The hours only you and I have lived through, blown up
the size of billboards, flat as the houses—all of it for show. A mirror

ball dangling from a fishing rod shines with faces, each is trying to say
something, each mouth begging us to stop. My snakeskin boots,

my blue-eyed Stetson, the desert wind and brush in flames. Love,
of course, is a good old fashioned duel leaving one of us for dead.

The prop table is empty. The camera is rolling. Rare animals
that only we have been quiet enough to trap call action! and this time

the bullets are real. We will not dine again on lemonade and broken
chairs, nor will we hide our touch. In the grandstand, your Army

buddies are cheering. Your father is eating a hotdog. Your eyes in the brim
shade are dry but you are thinking of North Carolina, of the bungalow

we built on stilts, the hurricanes we talked each other out of.
The Gulls. The Buzzards. The boathouse black water we wore like suits

of armor. Jimmy, remember what is ours so we can take it all.
Put your smallest finger through the hole in the helmet of the man

you shot and ask to wear it. Ask for the language of sunlight to
reheat your love for me. The initials you carved in the crossbeams

of my architecture are becoming legible. The fringe is blowing from
your cowhide chaps and from where I’m standing, you look beautiful.

I am not worried for the one of us who dies, but I do not want to
be the one who doesn’t. The look on my face says I am thinking of our cabin

in the forest where every tree is an antler chandelier—each embrace, a fire-
side Jack and Coke. Here is the creek. Here is the Spanish moss.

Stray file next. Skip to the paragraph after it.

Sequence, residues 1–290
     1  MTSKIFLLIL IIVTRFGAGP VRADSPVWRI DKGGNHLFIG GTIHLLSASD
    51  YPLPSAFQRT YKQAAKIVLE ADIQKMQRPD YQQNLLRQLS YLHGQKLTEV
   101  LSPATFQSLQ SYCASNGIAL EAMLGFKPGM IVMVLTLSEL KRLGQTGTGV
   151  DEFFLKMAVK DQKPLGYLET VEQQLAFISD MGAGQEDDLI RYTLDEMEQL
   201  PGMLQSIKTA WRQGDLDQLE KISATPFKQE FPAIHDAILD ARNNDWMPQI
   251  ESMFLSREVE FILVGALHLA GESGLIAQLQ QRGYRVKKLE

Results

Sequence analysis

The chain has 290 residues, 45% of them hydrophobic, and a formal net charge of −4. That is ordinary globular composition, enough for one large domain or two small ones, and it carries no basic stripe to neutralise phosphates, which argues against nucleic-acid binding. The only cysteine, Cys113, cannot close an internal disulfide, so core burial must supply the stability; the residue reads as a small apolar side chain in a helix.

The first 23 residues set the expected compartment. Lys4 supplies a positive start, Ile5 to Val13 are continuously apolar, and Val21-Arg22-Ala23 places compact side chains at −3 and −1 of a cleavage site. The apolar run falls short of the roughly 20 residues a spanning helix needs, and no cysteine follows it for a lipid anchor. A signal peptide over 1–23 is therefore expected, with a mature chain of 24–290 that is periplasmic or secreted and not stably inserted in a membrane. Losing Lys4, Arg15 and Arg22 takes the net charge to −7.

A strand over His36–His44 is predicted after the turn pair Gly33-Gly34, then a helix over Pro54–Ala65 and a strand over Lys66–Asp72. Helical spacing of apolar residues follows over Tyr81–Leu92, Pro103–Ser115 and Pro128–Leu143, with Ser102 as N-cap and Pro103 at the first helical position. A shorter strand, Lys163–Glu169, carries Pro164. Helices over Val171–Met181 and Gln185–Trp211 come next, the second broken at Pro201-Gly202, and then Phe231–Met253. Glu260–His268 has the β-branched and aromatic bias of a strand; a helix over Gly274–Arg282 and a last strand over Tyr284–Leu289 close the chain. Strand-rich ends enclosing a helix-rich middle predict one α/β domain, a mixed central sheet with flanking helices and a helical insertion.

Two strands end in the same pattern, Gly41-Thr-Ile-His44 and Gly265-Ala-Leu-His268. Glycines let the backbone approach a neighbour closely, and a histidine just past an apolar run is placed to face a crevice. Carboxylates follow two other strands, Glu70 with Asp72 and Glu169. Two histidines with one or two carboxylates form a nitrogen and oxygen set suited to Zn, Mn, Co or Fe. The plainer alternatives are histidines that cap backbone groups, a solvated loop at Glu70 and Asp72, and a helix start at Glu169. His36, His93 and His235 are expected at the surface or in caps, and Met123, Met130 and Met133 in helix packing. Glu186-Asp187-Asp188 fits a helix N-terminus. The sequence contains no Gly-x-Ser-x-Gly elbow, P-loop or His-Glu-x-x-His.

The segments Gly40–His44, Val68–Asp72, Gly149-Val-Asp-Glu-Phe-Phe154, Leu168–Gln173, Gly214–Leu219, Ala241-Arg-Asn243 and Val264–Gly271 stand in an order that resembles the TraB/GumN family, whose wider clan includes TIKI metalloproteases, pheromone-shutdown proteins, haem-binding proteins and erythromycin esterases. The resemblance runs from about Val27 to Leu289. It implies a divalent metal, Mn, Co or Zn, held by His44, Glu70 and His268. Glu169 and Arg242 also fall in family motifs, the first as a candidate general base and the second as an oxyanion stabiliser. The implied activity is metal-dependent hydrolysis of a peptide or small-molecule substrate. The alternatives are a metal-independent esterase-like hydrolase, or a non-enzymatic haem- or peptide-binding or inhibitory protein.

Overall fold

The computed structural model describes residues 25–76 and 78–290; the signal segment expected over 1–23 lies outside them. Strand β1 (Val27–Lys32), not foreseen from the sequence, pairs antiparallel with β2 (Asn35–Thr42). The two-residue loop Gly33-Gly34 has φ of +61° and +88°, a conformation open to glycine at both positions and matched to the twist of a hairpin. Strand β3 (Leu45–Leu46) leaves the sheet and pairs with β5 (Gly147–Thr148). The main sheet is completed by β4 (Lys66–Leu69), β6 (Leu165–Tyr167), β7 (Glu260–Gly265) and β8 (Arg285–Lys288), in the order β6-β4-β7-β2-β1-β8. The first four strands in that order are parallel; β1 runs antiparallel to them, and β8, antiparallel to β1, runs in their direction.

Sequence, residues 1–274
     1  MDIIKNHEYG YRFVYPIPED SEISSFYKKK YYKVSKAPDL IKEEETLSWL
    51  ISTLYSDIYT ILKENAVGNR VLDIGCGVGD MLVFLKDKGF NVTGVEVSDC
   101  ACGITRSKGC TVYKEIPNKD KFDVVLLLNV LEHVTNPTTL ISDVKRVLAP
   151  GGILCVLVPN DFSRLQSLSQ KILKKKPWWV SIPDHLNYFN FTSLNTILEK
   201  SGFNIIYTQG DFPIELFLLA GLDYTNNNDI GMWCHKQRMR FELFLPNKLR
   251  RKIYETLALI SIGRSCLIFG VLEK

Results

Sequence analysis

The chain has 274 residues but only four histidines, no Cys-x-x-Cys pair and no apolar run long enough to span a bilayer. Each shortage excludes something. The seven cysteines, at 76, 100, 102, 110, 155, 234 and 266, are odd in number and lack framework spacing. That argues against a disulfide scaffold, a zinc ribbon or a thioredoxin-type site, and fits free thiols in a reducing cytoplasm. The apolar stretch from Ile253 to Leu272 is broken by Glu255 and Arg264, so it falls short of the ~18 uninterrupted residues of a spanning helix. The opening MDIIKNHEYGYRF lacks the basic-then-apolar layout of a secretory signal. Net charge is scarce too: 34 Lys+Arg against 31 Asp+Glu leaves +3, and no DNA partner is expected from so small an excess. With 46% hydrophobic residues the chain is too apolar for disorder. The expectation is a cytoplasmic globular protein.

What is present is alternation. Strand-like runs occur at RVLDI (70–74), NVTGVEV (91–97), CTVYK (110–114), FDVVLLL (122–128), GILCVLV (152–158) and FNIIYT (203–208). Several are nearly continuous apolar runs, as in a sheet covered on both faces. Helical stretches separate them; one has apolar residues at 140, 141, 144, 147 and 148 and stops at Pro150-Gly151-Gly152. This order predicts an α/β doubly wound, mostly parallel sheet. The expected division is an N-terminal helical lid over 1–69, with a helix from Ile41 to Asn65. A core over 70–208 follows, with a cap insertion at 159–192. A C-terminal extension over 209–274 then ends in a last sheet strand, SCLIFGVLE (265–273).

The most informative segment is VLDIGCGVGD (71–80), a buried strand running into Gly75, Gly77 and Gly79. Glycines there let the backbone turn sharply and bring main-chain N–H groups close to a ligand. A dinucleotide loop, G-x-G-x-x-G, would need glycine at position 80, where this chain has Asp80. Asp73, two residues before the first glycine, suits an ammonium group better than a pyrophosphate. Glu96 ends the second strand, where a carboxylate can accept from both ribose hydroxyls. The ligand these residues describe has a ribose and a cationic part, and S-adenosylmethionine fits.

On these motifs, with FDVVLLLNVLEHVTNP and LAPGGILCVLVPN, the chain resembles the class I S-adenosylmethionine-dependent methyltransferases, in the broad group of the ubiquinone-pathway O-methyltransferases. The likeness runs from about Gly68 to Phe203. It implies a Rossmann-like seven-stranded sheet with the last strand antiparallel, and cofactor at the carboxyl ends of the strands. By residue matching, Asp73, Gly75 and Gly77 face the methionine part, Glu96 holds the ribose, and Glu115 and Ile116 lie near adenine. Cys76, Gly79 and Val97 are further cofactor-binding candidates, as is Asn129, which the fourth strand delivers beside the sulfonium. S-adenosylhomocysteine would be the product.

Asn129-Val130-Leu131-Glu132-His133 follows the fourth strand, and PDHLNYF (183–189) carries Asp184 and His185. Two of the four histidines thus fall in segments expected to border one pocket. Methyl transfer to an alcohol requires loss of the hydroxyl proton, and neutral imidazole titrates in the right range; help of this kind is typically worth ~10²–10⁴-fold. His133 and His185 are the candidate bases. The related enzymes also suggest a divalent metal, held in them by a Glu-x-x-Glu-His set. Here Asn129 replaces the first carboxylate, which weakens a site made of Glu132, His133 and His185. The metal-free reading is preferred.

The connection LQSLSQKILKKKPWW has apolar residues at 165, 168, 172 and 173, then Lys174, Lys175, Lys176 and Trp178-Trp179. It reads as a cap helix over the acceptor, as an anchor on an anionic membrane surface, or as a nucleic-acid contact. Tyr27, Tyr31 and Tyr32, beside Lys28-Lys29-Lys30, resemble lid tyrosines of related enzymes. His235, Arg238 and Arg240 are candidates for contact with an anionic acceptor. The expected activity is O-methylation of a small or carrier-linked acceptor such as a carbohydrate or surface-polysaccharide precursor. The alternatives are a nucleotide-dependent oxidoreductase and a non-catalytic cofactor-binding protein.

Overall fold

And here we are, ready to pull the trigger, our backs to one another,
twenty-steps, turn and shoot. Hot led unzipping my chest and the sky

is blue and cloudless and the dirt beneath my shoulders is soft.
Fried bologna and cheese, the hot tub where you said I was your best friend,

and jars and jars of our favorite pickled jalapeños waiting for us
in the high high heavens, a ghost town of desire. Fluffy walls

and sapphire streets and you, holding my hand as my vision goes blurry.
You, lying beside me as if to say we have the same bones—as if to say

I’ll see you soon darling, I’ll see you soon. A final wound. A brave finale rhyme.
Bright light and the distant scent of eucalyptus. Peacocks sipping

from kitchen sinks, a roast in the oven, garage band angels at a potluck
with sterling silver tea pitchers where you put your arm around me

and I kiss you without looking both ways. We’re sitting at a picnic
table with a man who knows your face, he is pointing

to a hole in his head, he says, I’m sorry I have haunted you.


Image Credit:"Duelo a pistola"
Originally from Hilliard, Ohio, Mathews Huey now lives in New York City and teaches poetry workshops at the National Alliance on Mental Illness. His work has appeared or is forthcoming on,,,, and the Living Waters Review.